There would certainly be a lot to write about Cape Verde. But on the one hand, the destination of our trip was the Bijagós Islands off the coast of Guinea-Bissau, and on the other, I caught something in Mindelo that clearly felt like corona. My suspicion fell on a theatre performance in Mindelo’s smart cultural centre. A comedy was being performed in Creole. Not that I understood much. But just witnessing the enthusiasm of the audience seemed worth it. However, this enthusiasm may also have been the accelerant that spread a nasty virus around the room.
In any case, after two days I started coughing like a chain smoker and I felt as limp as a sail in calm weather. Just like I had felt the last time I was ill with coronavirus. Back then, I was on the Selvagens, the islands between Madeira and the Canary Islands. Now I was supposed to sail to the Bijagós, around 500 nautical miles to the south-west. There are more favourable moments for an illness.
For once, I wasn’t alone on board when we set sail from Mindelo on 2 November. Paulo, an anthropologist from Santa Maria in the Azores, had come on board to sail with me to the Bijagós. To get straight to the point: I infected him, of course, and soon we were coughing together.
We made two stopovers before leaving Cape Verde. Firstly in Tarrafal on São Nicolao, where a downdraught in the bay wanted to snatch our solar panel at all costs. The following day, we headed for the island of Maio, where we almost capsized in the surf when landing with the banana boat, our folding boat. Oh, the banana boat. It caused us a lot of grief, but was a source of general amusement. But more of that later.
Oh, the waves!
Even without the virus, the crossing to the Bijagós would have been anything but pleasant. The wind was less of a problem than a steep, short wave that hammered against the side of the boat and regularly washed over it. We skipped cooking and subsisted on muesli and other simple things. But even these culinary modesties were spoilt for us; I was sitting in the cockpit with my bowl of freshly mixed muesli, just about to take my first spoonful, when a wave crashed over me from behind and literally salted my food.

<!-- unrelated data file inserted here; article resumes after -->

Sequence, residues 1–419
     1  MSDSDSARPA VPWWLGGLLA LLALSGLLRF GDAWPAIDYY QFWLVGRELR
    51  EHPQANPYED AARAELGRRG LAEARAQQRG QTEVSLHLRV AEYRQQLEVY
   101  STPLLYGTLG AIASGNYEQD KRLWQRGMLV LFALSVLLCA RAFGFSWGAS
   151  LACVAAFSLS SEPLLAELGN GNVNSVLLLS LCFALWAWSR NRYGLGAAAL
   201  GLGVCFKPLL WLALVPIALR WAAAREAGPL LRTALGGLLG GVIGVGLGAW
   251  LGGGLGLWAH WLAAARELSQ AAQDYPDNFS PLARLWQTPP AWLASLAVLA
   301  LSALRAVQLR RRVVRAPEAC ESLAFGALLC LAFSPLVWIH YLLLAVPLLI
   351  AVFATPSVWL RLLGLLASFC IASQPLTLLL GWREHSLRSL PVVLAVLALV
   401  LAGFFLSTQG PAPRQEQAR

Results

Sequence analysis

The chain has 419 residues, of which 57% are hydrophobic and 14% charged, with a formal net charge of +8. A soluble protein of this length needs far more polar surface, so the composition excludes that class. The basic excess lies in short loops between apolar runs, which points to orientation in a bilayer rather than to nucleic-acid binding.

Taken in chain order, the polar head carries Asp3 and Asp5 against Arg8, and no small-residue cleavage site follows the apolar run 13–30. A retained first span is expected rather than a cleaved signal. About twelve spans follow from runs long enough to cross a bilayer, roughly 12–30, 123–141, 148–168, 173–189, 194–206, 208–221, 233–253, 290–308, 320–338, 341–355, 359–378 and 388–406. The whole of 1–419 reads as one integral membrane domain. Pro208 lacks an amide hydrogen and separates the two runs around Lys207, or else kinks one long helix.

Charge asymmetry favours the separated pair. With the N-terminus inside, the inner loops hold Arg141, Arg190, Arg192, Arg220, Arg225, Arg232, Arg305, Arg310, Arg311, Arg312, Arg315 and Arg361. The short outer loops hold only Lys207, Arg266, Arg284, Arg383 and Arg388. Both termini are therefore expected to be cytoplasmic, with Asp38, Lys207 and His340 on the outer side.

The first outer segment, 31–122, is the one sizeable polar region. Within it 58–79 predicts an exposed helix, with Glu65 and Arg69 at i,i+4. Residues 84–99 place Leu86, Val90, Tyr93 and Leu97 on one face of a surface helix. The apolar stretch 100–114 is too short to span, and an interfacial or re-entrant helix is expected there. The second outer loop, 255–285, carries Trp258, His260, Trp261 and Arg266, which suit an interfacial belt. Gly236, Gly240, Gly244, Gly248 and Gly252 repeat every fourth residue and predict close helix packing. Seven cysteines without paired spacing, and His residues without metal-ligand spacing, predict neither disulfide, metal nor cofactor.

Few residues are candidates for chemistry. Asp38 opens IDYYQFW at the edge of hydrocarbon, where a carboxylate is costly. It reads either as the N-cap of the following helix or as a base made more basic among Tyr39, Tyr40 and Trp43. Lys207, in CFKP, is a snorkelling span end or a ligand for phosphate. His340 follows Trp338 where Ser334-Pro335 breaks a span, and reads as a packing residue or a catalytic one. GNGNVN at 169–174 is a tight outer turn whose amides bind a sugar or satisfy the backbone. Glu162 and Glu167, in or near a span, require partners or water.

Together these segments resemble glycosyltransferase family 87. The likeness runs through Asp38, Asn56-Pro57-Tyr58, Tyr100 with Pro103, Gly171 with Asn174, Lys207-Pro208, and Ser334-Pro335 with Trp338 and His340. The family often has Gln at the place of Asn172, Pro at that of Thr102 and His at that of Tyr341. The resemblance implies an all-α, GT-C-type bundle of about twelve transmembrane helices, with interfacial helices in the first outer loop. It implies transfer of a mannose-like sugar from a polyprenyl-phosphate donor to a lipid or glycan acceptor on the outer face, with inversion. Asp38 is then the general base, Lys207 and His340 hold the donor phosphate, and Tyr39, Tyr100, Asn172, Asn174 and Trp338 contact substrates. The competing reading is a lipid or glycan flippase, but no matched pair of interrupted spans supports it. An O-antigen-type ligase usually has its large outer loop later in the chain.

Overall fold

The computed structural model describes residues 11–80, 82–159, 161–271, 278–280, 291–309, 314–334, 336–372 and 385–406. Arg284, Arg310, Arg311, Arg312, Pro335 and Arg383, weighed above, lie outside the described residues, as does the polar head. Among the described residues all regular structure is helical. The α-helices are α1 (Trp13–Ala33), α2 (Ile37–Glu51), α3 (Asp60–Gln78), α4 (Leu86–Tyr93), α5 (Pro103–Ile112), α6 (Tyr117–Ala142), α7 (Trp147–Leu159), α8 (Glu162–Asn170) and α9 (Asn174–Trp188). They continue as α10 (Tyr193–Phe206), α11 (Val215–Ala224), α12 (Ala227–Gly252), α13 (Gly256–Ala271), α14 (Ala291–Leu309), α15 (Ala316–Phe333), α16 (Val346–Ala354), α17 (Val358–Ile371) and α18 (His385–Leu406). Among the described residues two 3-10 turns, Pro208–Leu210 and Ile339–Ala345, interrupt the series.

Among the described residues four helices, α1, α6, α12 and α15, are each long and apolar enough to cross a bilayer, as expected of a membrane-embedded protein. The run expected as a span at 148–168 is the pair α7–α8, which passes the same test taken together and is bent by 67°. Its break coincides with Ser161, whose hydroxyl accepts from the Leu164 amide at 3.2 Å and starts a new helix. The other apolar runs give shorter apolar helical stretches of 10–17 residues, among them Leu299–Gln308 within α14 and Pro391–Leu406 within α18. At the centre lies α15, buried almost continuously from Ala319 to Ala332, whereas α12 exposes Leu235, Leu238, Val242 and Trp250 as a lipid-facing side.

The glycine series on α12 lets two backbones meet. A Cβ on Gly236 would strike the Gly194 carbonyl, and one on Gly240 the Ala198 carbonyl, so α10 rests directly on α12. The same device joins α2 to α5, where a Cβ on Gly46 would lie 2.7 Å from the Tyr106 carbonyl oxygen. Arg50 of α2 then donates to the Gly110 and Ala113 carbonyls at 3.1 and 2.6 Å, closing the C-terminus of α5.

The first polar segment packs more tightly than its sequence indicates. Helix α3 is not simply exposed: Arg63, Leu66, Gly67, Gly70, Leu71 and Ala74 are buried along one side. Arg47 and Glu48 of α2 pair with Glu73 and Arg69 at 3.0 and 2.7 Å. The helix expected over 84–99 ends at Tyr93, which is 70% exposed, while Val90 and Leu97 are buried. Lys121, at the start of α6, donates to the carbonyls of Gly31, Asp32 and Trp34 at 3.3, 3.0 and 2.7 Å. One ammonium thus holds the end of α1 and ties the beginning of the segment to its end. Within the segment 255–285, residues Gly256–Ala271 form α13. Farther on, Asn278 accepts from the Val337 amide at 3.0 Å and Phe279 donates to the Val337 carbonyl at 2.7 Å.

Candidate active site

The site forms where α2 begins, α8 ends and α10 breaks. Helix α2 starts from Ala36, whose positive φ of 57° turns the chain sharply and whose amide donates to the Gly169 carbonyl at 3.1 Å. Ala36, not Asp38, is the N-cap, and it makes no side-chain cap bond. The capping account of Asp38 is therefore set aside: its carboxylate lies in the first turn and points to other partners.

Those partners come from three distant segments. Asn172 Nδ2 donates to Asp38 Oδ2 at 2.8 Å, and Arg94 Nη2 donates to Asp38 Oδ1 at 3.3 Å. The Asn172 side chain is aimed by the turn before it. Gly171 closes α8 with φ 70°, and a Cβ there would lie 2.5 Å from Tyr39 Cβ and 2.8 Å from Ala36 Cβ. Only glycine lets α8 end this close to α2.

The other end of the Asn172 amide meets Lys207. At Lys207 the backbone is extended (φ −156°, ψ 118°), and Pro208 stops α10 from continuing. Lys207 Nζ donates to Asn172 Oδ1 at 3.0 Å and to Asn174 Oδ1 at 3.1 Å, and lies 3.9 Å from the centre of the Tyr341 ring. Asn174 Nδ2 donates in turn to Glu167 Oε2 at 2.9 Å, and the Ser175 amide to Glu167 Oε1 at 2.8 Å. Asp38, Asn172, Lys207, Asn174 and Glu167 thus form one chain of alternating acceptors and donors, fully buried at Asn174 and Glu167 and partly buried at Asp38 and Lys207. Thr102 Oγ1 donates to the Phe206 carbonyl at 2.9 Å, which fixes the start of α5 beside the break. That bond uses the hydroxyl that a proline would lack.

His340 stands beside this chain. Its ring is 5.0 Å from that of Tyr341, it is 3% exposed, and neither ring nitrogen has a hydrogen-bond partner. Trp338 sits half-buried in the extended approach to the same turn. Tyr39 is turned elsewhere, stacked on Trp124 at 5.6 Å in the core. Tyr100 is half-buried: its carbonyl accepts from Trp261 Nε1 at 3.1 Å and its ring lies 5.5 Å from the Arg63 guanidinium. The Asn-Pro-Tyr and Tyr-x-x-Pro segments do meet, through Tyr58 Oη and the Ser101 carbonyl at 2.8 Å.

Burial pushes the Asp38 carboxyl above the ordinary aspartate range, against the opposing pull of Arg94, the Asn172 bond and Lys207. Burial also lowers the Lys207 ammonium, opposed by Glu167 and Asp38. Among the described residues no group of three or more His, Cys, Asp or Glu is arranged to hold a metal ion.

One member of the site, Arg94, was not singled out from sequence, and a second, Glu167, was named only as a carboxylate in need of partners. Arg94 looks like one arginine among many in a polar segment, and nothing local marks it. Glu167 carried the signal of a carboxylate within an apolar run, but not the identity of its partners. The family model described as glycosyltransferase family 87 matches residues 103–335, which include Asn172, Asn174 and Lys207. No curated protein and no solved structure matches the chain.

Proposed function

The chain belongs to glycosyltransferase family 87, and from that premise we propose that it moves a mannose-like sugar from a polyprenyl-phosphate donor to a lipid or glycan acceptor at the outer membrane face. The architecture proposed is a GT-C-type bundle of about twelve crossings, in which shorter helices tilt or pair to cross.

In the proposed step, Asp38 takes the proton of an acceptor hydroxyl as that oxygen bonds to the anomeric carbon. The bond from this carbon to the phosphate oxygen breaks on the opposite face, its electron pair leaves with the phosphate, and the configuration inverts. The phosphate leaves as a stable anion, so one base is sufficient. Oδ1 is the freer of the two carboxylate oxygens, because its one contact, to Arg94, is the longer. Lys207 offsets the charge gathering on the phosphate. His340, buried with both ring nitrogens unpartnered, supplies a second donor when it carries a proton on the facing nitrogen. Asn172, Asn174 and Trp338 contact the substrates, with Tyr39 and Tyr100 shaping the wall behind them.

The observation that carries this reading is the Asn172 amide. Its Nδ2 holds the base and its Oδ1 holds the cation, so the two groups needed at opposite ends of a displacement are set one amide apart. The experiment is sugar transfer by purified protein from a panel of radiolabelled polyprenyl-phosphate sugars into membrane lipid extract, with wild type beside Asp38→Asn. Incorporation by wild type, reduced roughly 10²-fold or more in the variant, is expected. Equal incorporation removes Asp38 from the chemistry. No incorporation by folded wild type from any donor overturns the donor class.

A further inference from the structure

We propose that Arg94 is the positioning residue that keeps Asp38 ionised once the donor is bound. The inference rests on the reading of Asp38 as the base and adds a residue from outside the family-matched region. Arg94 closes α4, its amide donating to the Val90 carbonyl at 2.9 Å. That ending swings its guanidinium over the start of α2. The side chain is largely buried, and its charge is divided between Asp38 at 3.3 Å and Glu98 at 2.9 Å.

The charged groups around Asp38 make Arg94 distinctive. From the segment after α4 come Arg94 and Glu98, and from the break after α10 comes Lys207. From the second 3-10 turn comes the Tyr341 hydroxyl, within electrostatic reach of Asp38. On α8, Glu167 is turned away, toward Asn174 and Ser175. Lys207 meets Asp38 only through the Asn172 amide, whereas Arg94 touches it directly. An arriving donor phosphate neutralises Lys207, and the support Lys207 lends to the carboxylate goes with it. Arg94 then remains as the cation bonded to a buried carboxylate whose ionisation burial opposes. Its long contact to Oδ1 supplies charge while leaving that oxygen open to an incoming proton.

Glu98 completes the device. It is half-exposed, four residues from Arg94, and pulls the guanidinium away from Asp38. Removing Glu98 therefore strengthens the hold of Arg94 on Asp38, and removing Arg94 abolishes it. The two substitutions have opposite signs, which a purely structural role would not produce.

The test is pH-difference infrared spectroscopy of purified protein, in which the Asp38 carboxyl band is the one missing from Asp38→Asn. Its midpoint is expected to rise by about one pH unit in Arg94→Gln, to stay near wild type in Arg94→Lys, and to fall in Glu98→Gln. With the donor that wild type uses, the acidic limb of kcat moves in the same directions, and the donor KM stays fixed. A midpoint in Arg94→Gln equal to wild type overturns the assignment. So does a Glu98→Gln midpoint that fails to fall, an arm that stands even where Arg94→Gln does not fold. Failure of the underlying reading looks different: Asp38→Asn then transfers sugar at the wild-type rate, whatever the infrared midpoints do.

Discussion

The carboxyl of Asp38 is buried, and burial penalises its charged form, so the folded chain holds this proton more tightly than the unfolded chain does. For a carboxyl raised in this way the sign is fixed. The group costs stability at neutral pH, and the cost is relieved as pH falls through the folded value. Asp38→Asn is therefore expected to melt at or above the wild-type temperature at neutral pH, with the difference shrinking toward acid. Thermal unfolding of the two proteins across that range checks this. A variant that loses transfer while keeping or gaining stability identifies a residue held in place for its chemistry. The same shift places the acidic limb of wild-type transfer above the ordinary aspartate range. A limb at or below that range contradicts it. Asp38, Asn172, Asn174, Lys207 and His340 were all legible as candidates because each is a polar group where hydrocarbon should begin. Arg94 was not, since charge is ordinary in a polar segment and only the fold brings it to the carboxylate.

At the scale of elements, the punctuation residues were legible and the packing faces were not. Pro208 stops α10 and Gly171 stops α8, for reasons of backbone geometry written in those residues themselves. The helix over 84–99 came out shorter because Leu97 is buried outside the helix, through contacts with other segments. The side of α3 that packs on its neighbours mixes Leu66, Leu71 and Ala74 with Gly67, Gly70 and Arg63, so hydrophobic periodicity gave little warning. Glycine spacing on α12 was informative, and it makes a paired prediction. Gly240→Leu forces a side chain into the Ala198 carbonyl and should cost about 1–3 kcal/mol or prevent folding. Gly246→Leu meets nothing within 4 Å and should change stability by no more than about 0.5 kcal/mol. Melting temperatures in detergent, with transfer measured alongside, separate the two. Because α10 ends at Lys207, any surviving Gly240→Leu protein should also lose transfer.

The closer we got to the coast, however, the calmer the sea became and as we motored towards the estuary we had chosen to enter the island world, the sea was as flat as a pan. There was a strange atmosphere. We seemed to be gliding along on an endless expanse, because although the islands were only a few miles away, they could not be made out in the haze. We came across a few fishing boats, otherwise we were travelling alone.
Disco lights at sea
It was only when we passed the entrance to the Geba River, the access road to the capital of Bissau, that things became livelier. A number of cargo ships crossed our course and – it was now pitch dark – a green strobe light flickered across the surface of the water as if there was a disco somewhere to the east of us. It was spooky. We later learnt that they were probably fishermen.
At 9 pm on 10 November, we reached our anchorage off the island of Orangosinho, the orange island, as the last of the eight boats on our expedition. We had arrived on the Bijagós. Coughing, tired and hungry. The mission could begin.